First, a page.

time auditing ideas?

Earlier today I read an article that addresses that wonderful question "Where did my day go? What did I do all day?" Their solution: a time audit. Keep a running record of what you did all day.

I'm starting a new job tomorrow that is through a consulting company, so I've got to keep track of how much time I spent doing billable work and how much time doing non-billable work (like attending new employee orientation). At the end of the day, all I really need to do is put my hours in their time tracking website, but I'd feel a whole lot better if I could prove how beneficial I've been to them.

Anyone have any suggestions or ideas for this kind of thing? Right now I'm thinking of just using paper and putting the date and then the time and what I am working on whenever I start something new.

Any suggestions for applications to keep track of this? If I do end up sticking with the paper version, should I keep work stuff and non-work stuff split up?

-Kenny

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Time auditing

You seem to be asking 2 questions – how to keep track of time spent on separate tasks or categories of tasks, and how to organize/present your time records.

Re the first issue: I charge by the hour as a freelancer, so I need to keep track of time down to the minute. After years of doing it all on paper, I eventually set up a simple Excel spreadsheet to do the math. As I'm working, I record my start and stop times in a (paper) notebook I use for the purpose. Then all I do is enter those times into the spreadsheet, which generates any calculation I want – hours and minutes worked per session, per day, per job, etc. Having the spreadsheet do it has saved me hours of calculating and gives me a way to keep neat, detailed records of my work – which has come in handy in surprising ways.

If something like that is what you're looking for, I'd be happy to email the spreadsheet or post it or do whatever one does to share this kind of file.

Re organizing the info: that should be quite simple once you know what you need. The beauty of spreadsheets is you can have them cough up whatever you want, and all you have to do is enter your start and stop times. The other nice thing is it doesn't matter how often you interrupt one task to perform another; you can still easily keep track of total time per task. The point is once you know how much time you're spending on what, you can arrange and present that info any way you'd like.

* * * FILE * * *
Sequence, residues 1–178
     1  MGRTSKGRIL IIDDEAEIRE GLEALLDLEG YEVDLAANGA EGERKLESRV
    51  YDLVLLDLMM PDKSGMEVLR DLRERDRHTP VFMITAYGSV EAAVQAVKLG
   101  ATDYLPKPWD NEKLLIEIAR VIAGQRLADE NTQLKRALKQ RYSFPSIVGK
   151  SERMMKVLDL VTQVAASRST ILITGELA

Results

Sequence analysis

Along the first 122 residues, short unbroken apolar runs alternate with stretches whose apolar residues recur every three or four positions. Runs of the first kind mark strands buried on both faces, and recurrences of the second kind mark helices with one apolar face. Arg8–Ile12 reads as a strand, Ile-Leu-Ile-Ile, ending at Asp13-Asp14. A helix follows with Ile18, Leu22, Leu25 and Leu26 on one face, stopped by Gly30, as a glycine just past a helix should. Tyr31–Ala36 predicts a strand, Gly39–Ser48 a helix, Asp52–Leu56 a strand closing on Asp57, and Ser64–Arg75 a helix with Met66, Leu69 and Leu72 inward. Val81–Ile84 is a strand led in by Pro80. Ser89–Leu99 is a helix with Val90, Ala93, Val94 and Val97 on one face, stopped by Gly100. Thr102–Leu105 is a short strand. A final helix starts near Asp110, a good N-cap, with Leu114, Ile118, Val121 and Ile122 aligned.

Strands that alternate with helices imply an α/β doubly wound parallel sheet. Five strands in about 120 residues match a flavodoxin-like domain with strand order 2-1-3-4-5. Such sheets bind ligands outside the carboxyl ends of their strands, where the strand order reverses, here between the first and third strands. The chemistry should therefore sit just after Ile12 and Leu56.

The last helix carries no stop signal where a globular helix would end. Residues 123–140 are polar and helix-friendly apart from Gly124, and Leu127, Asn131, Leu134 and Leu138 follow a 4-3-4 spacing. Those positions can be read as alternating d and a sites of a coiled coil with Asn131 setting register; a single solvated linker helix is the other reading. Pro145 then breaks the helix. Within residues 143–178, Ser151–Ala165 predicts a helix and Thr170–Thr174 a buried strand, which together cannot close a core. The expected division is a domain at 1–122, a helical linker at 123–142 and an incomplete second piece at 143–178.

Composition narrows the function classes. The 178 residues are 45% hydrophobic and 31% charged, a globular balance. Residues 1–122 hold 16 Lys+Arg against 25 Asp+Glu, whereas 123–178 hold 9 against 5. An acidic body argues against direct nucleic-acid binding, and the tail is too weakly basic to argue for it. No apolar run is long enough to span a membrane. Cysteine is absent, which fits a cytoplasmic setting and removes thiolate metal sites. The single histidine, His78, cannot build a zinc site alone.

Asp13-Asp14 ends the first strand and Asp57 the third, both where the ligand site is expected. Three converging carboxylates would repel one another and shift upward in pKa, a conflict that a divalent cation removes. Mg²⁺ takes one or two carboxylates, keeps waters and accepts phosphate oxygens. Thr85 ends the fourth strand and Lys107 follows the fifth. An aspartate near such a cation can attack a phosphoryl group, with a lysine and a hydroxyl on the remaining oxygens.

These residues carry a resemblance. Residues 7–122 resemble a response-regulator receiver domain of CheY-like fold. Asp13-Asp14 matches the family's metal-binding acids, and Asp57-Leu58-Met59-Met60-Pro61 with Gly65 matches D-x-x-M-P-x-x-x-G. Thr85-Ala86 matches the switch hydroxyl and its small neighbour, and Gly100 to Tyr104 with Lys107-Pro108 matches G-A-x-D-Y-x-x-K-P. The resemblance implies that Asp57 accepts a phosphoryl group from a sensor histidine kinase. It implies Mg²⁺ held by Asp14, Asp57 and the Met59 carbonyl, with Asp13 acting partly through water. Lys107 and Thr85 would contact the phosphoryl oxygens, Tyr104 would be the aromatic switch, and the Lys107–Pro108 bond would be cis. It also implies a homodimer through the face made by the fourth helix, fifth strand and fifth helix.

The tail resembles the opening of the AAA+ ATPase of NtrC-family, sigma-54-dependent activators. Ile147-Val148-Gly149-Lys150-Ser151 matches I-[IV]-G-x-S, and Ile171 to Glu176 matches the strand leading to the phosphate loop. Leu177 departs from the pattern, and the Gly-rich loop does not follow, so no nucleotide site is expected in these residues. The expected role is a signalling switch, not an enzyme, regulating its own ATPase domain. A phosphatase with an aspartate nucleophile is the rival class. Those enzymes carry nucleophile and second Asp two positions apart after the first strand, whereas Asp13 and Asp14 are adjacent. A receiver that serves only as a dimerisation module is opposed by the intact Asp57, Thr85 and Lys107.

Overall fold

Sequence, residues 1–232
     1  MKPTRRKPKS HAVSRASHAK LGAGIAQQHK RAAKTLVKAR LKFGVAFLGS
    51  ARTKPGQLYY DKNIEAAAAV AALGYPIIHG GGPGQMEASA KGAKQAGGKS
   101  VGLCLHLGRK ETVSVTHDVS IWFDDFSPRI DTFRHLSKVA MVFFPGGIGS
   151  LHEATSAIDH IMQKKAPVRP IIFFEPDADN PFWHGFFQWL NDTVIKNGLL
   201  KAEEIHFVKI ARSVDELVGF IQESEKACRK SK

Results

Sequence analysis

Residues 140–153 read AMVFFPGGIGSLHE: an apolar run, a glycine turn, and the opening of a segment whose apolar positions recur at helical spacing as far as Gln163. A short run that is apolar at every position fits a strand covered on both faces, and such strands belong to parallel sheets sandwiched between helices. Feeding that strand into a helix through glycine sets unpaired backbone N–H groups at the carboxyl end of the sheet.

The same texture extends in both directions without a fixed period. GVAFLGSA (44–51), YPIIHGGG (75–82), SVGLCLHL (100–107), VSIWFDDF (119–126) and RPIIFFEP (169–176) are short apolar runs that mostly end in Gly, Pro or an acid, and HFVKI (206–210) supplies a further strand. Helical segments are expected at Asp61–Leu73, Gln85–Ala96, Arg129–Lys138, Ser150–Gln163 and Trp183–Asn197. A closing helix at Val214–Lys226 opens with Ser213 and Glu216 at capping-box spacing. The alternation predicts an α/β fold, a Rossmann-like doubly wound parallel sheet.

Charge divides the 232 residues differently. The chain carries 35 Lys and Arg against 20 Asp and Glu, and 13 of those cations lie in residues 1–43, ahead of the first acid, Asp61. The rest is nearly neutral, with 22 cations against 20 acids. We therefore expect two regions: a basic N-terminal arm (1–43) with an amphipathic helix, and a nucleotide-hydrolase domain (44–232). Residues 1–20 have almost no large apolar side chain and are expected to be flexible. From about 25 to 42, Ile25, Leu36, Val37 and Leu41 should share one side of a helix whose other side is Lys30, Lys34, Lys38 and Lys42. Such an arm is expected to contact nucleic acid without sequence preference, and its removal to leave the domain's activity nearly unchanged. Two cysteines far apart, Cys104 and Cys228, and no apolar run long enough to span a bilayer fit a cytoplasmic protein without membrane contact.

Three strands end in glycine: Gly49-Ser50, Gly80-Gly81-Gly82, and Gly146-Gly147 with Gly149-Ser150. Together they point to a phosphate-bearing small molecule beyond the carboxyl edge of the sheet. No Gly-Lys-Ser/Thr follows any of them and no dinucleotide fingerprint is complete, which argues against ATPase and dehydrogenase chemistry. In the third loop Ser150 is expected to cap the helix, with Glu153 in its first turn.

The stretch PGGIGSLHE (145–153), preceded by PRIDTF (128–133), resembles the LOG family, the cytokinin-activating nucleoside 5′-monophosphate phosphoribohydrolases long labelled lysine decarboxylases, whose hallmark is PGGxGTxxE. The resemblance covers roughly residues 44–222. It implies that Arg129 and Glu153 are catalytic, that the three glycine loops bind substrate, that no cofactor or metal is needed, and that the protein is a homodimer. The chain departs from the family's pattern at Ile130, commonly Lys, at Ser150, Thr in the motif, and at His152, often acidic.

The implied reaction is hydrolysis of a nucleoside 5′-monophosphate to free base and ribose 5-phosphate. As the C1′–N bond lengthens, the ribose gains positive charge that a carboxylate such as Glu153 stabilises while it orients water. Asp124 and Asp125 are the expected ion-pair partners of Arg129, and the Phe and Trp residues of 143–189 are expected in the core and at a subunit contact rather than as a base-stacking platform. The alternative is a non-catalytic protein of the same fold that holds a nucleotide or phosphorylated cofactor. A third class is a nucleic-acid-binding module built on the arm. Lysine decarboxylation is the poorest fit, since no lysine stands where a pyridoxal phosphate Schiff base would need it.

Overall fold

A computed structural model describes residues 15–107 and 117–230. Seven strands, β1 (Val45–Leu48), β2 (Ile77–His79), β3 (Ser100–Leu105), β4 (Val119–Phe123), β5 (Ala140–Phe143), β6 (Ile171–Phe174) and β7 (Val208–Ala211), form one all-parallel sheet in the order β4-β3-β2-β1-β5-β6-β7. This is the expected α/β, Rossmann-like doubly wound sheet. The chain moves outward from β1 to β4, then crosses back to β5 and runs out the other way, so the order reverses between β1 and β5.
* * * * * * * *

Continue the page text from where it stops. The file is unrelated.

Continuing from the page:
Am I on the right track with what you're looking for?

I use David Seah's Emergent

I use David Seah's Emergent Task Timer for this. I don't use a timer, because I am too easily sidetracked by it. Instead, during the day, whenever I change tasks, I make note on the ETT of the tasks and times. At the end of the day I know how much time I've spent on which billable jobs, and how much time I've spent on the phone or messing with email.

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Billable Time Dayplanner

The Two-Page Per Day (2PPD) layout was the original day planner and was created by a lawyer to help keep track of his billable time. Check out the templates tab here at DIY if a 2PPD daily dayplanner works for you.

If you prefer a Week at a glance, there are some options there as well.

Another option might be to have a separate section in your dayplanner that is used only for work projects and tracking billable time.

On the work vs non-work question: some court cases have determined that a day-planner used for work purposes is the property of the employer and is an official record. I know time-management gurus chant "one planner" for efficiency reasons, but I'd think twice about that if there's any chance your dayplanner could be subpoenaed in a court case, or if you work for a government agency.